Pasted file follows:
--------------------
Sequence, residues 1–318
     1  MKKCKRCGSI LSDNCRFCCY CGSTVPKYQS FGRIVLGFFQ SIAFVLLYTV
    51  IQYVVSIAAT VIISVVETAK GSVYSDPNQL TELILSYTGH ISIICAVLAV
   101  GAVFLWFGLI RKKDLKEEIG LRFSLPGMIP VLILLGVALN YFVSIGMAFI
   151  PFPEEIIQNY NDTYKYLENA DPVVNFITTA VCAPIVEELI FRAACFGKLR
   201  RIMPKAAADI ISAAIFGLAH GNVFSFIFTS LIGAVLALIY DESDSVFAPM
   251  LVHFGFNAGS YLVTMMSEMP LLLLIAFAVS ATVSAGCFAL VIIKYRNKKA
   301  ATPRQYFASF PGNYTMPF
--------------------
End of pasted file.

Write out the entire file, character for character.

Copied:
Sequence, residues 1–318
     1  MKKCKRCGSI LSDNCRFCCY CGSTVPKYQS FGRIVLGFFQ SIAFVLLYTV
    51  IQYVVSIAAT VIISVVETAK GSVYSDPNQL TELILSYTGH ISIICAVLAV
   101  GAVFLWFGLI RKKDLKEEIG LRFSLPGMIP VLILLGVALN YFVSIGMAFI
   151  PFPEEIIQNY NDTYKYLENA DPVVNFITTA VCAPIVEELI FRAACFGKLR
   201  RIMPKAAADI ISAAIFGLAH GNVFSFIFTS LIGAVLALIY DESDSVFAPM
   251  LVHFGFNAGS YLVTMMSEMP LLLLIAFAVS ATVSAGCFAL VIIKYRNKKA
   301  ATPRQYFASF PGNYTMPF